Saturday, December 10, 2011

What factors should be taken into account in assessing short term changes in well-being?

This is one of the questions I have been pondering as I have been reading about the Herald/Age - Lateral Economics (HALE) index of the well-being of Australians.

The aim of the Fairfax organization in sponsoring the development of this new index seems to have been to publish a broad indicatorof social progress in the hope that this will help people to avoid viewing GDP as ‘the supreme indicator of our wellbeing’.

The timing of publication – a few days after quarterly GDP data are published – is clearly intended to invite comparison with quarterly GDP data. Indeed, a report in the Sydney Morning Herald makes such a comparison:
‘Wellbeing grew twice as fast as GDP in the September quarter thanks to a big rise in national income from the boom in commodity prices and cheaper imports’.

The HALE index rose by 2.2% in the September quarter primarily because net national income (NNI) is the starting point for calculation of the index and NNI reflects terms of trade movements. I don’t have any problem at all with the idea that well-being is more closely related to NNI than to GDP, but I can’t help thinking that the relationship between well-being and short term fluctuations in the terms of trade must be tenuous, at best.

Perhaps the terms of trade improvement in the September quarter raised the well-being of some people by enabling them to enjoy an overseas holiday that they might not otherwise have been able to afford. People who purchased imported consumer durables might also have benefited. In general, however, it isn’t obvious to me that changes in the terms of trade have much effect on living standards unless they are sustained over several years. It is even possible that short term improvements in the terms of trade could have a negative impact on well-being by adding to uncertainty in the context of concerns about possible effects of increased import competition on jobs in some industries. Such impacts might, of course, be offset by optimism about improved employment prospects elsewhere in the economy.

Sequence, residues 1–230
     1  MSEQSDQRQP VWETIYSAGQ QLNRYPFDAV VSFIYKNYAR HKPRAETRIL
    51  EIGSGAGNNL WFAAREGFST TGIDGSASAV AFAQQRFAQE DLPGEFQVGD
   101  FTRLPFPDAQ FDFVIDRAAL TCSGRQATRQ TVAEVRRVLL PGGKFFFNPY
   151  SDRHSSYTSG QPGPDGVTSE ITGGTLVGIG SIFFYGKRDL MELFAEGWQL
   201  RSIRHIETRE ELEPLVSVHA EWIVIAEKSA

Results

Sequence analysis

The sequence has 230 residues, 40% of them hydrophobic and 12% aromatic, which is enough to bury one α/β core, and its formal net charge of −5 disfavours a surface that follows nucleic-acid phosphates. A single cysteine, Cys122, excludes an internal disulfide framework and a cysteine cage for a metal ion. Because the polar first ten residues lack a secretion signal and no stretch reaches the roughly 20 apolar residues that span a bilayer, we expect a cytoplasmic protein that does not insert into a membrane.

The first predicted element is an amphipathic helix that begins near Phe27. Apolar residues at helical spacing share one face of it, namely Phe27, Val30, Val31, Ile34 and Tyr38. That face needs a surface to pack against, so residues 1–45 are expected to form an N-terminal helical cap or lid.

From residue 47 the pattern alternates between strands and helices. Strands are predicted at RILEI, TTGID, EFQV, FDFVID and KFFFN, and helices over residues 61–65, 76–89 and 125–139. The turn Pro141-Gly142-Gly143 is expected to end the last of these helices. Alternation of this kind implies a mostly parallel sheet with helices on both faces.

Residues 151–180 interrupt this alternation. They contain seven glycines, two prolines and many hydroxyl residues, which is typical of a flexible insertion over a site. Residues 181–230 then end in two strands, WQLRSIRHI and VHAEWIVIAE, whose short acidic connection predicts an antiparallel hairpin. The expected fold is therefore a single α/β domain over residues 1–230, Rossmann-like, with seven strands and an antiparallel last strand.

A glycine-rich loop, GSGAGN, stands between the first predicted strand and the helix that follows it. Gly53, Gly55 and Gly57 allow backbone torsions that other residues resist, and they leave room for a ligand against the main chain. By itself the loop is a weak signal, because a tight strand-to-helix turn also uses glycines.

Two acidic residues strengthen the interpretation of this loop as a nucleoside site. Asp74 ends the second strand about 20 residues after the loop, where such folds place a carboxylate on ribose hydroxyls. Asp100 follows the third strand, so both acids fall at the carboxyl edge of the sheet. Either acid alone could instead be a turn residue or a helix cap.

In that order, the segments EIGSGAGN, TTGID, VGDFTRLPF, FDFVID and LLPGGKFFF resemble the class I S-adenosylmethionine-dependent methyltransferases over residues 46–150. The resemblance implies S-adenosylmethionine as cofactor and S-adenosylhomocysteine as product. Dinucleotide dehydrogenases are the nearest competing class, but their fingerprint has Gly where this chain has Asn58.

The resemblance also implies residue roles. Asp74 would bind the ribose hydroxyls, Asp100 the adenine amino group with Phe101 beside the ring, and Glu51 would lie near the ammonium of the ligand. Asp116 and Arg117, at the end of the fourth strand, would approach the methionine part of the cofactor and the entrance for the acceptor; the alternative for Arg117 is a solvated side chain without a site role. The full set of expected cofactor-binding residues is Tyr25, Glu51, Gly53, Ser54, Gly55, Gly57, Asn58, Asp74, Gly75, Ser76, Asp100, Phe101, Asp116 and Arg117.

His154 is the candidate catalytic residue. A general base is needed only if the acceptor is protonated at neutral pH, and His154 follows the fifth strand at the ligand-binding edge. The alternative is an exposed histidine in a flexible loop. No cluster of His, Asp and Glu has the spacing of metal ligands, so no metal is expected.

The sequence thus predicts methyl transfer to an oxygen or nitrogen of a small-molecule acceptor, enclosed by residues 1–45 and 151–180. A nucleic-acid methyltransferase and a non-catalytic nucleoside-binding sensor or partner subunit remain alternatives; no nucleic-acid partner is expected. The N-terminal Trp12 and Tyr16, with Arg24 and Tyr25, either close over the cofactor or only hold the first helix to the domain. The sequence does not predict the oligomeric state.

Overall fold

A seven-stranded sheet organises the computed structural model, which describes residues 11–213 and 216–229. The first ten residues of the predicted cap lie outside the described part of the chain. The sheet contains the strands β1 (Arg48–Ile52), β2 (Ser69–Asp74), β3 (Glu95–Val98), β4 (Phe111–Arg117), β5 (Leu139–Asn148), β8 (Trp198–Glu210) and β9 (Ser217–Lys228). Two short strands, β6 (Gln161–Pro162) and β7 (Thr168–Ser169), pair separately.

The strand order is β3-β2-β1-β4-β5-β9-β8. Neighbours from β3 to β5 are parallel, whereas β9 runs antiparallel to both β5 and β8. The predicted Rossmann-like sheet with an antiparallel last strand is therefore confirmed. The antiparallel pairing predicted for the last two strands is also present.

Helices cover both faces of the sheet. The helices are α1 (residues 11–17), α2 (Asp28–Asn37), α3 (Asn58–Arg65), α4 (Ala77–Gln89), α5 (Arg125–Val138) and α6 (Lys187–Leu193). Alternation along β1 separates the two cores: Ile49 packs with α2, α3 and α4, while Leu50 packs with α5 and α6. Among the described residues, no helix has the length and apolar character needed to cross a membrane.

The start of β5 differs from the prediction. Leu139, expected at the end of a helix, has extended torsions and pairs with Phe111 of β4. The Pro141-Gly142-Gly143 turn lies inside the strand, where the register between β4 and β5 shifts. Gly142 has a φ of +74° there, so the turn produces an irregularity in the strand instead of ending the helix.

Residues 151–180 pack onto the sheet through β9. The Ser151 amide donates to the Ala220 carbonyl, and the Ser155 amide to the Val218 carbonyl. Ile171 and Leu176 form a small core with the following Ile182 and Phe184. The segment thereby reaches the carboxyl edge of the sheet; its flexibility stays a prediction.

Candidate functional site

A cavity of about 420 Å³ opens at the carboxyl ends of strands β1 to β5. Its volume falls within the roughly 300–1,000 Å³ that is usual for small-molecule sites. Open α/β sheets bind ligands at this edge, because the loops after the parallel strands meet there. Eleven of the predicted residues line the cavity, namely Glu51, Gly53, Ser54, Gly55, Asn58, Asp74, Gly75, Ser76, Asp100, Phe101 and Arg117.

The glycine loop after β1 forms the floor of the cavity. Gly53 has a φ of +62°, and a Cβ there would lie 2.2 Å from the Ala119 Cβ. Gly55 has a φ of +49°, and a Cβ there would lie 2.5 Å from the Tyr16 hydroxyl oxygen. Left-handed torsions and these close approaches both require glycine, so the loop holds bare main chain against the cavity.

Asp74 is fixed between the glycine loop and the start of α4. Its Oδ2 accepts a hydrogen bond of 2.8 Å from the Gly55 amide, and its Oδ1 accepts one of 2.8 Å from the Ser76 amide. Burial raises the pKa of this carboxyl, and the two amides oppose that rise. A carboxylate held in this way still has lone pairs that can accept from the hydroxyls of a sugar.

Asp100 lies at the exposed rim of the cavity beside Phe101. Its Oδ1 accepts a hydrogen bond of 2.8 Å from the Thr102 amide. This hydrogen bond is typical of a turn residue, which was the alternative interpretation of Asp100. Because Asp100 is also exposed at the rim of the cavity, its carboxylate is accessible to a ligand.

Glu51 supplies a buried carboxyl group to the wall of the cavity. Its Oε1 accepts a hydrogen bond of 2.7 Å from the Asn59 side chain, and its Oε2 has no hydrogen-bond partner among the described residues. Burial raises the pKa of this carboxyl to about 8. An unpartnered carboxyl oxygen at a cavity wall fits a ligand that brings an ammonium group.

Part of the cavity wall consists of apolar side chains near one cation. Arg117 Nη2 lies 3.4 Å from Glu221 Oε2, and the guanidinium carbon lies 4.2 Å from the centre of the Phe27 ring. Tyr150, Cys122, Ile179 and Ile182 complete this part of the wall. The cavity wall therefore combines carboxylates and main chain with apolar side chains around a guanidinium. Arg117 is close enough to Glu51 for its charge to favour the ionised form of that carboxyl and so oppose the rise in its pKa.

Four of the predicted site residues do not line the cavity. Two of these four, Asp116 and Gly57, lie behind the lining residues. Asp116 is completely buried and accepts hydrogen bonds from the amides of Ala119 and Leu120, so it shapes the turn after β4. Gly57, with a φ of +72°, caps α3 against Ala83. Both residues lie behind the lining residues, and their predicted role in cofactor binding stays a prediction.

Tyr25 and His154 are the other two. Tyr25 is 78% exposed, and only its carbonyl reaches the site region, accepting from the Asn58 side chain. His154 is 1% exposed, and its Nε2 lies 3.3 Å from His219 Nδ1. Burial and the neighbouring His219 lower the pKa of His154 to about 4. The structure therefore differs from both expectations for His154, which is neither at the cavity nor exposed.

It seems to me that uncertainty is a factor that should be taken into account in assessing short term changes in well-being. Research based on surveys data relating to subjective well-being suggests that increased uncertainty can have a substantial short-term impact on well-being. For example, Carol Graham has reported that average life satisfaction in the US fell by 11% during the 08-09 financial crisis, mirroring a larger fall in the stock market. However, life satisfaction bounced back to previous levels once the immediate crisis was over, even though the stock market remained relatively depressed (‘The Pursuit of Happiness’, pp 88-89). A fall of 11% in life satisfaction is a very large change in a statistic that is normally very stable over time.

In an earlier post I noted that there was even a blip in life satisfaction data for Australia at the onset of the global financial crisis. A much larger decline in consumer confidence occurred at that time reflecting, amongst other things, increased pessimism about the economic outlook for the next five years. Pessimism about the economic outlook hasincreased again over the last year or so and now stands at levels almost comparable to those during 08-09.

If the HALE index is intended to be taken seriously as an indicator of short term changes in well-being it seems to me that it would be desirable for it to reflect changes in uncertainty about the economic outlook.

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